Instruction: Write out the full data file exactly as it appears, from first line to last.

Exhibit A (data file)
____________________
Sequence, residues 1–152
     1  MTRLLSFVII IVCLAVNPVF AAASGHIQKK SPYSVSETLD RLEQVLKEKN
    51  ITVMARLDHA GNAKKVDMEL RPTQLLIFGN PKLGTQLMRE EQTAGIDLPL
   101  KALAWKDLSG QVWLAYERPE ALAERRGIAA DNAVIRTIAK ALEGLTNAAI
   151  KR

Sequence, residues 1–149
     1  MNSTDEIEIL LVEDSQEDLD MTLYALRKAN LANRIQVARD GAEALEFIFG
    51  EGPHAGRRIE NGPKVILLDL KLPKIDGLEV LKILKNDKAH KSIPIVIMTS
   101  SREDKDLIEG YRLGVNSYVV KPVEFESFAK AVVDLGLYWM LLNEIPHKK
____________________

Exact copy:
Sequence, residues 1–152
     1  MTRLLSFVII IVCLAVNPVF AAASGHIQKK SPYSVSETLD RLEQVLKEKN
    51  ITVMARLDHA GNAKKVDMEL RPTQLLIFGN PKLGTQLMRE EQTAGIDLPL
   101  KALAWKDLSG QVWLAYERPE ALAERRGIAA DNAVIRTIAK ALEGLTNAAI
   151  KR

Sequence, residues 1–149
     1  MNSTDEIEIL LVEDSQEDLD MTLYALRKAN LANRIQVARD GAEALEFIFG
    51  EGPHAGRRIE NGPKVILLDL KLPKIDGLEV LKILKNDKAH KSIPIVIMTS
   101  SREDKDLIEG YRLGVNSYVV KPVEFESFAK AVVDLGLYWM LLNEIPHKK